half-day rides to immersive multi-night bikepacking journeys. Milder
overnight trips, like the jaunt up to Hunts Mesa with about 80 percent
flat dirt road, promise rare golden-hour views of the sandstone
chimneys sprinkled across Monument Valley. As a mountain-bike racer
himself, Yazzie also plans hair-raising tours for even the best-trained
riders. "We have everything from soft-blow sand to riding on shale
shelves, a little bit of single track, a lot of double track, and
sandstone everywhere," he says. (Currently, Dzil Ta'ah is only booking
As Yazzie and Johnson cultivate the bike-tourism movement, Hanley
says another local organization, Navajo
YES, is building new bike trails and infrastructure to further
place Navajo Nation on the outdoor-adventure map. The newly designated
Chuska Mountain Bike Trail, an 80-mile traverse along the spine
of the Chuska Mountains straddling Arizona and New Mexico, is one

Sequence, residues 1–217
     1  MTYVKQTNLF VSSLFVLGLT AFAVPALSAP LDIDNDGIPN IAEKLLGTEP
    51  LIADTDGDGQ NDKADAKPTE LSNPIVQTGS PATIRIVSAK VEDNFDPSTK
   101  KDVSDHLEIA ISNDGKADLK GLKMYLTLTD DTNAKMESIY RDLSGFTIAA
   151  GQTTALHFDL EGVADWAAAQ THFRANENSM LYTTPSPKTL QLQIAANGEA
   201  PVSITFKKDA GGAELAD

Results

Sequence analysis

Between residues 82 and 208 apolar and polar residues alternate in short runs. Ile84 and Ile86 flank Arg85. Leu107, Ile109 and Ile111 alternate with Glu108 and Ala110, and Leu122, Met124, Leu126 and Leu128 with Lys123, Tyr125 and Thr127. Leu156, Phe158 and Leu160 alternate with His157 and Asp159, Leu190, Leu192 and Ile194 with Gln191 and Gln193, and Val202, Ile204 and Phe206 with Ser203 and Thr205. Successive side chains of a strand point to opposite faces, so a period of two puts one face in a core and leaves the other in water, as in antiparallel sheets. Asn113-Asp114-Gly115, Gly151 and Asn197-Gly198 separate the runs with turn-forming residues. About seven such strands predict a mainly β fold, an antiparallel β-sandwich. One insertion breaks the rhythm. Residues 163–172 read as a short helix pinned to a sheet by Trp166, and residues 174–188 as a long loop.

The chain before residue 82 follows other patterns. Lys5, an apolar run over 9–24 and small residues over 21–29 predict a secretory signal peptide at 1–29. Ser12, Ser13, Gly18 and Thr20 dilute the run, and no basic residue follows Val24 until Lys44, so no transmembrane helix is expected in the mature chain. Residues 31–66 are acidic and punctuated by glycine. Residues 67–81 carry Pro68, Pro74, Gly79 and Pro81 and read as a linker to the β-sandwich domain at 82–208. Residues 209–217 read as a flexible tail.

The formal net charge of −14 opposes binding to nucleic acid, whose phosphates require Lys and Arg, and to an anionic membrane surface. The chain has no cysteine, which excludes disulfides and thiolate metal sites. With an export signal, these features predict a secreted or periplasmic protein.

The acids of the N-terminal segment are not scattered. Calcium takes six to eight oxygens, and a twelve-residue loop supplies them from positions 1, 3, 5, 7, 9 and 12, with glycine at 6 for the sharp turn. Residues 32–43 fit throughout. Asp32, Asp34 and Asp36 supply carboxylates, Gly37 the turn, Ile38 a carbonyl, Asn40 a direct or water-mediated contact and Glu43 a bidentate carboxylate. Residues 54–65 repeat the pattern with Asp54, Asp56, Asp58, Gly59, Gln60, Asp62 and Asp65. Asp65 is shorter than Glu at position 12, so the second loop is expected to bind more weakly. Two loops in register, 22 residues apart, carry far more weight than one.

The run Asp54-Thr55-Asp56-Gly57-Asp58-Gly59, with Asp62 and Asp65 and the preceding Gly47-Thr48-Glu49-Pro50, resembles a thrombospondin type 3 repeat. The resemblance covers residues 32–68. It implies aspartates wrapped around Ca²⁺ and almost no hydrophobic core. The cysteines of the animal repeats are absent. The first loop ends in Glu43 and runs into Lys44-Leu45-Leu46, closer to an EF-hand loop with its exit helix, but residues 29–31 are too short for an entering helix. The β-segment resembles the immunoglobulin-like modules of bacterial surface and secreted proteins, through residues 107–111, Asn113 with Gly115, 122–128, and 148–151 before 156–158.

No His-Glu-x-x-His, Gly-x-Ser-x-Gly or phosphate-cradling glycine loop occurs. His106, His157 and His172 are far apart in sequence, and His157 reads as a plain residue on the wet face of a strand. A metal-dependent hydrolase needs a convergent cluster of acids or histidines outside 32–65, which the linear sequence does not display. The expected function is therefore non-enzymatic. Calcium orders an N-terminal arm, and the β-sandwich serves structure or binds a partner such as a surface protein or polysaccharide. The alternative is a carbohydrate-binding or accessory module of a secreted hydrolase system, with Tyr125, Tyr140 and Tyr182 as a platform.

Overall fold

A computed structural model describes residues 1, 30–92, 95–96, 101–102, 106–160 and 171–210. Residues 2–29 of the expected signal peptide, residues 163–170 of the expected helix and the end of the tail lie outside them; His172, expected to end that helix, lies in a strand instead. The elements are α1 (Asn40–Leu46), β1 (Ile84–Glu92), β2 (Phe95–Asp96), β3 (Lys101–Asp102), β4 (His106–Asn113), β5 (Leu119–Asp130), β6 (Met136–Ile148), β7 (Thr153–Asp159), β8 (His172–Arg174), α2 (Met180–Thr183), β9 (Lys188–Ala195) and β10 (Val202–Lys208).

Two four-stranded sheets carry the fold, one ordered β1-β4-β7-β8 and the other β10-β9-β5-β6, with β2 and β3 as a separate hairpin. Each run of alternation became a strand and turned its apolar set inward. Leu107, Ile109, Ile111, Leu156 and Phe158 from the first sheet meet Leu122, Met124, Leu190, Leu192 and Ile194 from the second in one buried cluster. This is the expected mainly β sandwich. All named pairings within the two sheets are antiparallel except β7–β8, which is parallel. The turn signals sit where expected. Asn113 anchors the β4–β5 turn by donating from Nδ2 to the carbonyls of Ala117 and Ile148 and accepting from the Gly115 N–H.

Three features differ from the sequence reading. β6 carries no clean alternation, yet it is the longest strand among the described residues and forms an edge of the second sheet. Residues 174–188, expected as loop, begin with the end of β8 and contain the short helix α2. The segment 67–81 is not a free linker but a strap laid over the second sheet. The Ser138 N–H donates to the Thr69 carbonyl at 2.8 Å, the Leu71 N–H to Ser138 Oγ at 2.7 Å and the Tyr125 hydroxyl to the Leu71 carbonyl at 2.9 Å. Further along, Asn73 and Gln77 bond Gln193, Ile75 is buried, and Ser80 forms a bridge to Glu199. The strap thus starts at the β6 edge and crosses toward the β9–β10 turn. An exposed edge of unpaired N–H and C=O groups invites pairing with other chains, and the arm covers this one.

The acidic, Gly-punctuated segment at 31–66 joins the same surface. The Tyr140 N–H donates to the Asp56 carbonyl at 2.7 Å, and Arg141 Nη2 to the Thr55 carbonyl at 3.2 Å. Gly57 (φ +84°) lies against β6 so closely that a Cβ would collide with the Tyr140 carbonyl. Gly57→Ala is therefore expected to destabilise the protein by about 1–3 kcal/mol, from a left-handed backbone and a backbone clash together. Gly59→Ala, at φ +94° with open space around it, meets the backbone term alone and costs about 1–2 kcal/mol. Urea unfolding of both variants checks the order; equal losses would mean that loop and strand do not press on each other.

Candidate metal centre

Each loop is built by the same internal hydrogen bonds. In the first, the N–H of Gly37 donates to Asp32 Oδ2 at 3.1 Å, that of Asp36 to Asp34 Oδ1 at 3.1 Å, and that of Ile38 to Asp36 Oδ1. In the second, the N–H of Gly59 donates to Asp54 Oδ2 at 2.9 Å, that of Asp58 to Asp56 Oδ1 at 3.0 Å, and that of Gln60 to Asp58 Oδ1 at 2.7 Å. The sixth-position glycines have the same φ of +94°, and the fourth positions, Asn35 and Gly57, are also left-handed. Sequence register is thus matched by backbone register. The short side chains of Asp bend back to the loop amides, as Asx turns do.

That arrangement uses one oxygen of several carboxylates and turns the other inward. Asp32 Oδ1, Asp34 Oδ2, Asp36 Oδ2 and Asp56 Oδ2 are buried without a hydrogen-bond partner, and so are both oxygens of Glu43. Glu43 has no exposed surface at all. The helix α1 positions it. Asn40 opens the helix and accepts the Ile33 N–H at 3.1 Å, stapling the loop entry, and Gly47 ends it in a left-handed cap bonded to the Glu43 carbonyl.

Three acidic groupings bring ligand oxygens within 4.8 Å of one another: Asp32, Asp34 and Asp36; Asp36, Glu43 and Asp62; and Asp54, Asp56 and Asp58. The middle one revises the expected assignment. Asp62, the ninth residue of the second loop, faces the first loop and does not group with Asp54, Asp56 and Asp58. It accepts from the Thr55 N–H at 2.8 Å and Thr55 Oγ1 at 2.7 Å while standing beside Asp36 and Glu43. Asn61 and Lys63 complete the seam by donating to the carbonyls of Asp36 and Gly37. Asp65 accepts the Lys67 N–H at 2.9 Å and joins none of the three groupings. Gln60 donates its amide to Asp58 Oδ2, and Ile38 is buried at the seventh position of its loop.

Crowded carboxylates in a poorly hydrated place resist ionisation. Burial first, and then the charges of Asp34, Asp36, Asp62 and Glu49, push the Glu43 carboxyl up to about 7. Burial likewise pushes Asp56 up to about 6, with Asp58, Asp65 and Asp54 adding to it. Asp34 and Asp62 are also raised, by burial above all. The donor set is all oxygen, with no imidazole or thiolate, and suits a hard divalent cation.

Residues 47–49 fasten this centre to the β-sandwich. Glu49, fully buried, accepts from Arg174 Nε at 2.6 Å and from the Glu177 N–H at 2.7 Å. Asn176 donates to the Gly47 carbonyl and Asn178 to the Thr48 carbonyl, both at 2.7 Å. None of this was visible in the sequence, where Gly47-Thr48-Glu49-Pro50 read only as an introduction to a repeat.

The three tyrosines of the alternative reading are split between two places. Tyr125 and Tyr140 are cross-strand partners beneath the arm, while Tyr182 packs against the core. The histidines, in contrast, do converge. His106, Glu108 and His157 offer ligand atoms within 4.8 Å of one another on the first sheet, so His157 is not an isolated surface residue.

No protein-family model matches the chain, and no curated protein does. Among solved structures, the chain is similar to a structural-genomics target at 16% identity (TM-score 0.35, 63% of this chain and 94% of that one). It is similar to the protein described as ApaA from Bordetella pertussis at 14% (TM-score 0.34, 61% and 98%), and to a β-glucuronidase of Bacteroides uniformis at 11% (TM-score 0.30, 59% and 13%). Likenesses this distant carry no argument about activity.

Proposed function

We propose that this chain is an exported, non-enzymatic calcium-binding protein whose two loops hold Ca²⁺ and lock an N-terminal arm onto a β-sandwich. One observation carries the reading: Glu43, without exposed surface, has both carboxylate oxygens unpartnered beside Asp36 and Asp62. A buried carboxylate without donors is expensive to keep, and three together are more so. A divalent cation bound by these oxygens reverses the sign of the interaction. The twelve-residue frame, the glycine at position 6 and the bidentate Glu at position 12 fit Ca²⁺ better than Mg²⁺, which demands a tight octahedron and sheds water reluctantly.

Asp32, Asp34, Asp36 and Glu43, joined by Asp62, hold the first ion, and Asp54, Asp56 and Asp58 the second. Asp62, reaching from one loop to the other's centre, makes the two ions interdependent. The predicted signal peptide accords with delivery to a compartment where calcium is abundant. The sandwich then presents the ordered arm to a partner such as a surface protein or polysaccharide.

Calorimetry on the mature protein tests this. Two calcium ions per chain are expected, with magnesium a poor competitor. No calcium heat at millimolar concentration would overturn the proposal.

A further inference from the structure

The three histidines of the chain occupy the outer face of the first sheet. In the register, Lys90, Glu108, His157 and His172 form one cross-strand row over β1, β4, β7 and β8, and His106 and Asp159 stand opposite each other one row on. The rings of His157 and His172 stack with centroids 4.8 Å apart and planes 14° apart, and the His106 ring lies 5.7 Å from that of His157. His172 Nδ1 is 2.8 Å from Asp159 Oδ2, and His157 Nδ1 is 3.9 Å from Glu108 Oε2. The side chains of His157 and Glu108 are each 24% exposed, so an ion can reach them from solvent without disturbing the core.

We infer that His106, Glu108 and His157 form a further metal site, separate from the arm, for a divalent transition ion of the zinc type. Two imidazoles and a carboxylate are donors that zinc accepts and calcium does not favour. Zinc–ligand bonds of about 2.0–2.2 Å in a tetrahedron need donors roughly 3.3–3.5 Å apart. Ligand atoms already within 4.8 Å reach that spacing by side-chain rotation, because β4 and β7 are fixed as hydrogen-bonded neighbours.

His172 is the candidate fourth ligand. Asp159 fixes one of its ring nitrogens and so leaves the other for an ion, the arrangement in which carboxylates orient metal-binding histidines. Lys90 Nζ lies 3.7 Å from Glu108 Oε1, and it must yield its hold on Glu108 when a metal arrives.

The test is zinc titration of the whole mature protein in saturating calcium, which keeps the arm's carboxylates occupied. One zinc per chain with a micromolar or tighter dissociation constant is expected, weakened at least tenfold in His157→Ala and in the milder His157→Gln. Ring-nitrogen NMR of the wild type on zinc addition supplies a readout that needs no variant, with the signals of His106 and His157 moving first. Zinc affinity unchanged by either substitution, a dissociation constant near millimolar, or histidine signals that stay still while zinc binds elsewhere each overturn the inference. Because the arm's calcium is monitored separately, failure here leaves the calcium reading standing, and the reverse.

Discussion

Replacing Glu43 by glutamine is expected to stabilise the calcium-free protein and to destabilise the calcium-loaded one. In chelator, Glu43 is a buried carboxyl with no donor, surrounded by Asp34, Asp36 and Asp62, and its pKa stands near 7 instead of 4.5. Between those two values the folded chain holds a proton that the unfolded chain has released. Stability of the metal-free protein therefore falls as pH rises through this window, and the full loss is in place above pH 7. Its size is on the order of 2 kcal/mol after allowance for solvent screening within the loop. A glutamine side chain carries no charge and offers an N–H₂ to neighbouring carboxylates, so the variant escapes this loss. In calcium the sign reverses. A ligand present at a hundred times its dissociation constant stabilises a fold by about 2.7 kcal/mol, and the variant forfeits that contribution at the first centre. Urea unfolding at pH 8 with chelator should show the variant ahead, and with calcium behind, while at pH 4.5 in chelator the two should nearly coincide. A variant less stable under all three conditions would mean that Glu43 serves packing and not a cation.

of many projects likely to amplify Navajo Nation's adventure tourism,
A Navajo-led movement
These mountain and desert vistas are jaw dropping, but bikepacking
here is about so much more than a stellar backdrop. This is one
of few Navajo Nation tourism movements that's entirely Navajo runwith
all tourism dollars staying in the Navajo community.
"In Kayenta right now, only a [fraction] of tour companies are
Native-owned," Yazzie says, noting he was initially inspired to
start a bikepacking group so he and his friends could get permits
to camp on Navajo lands only accessible to registered tour companies.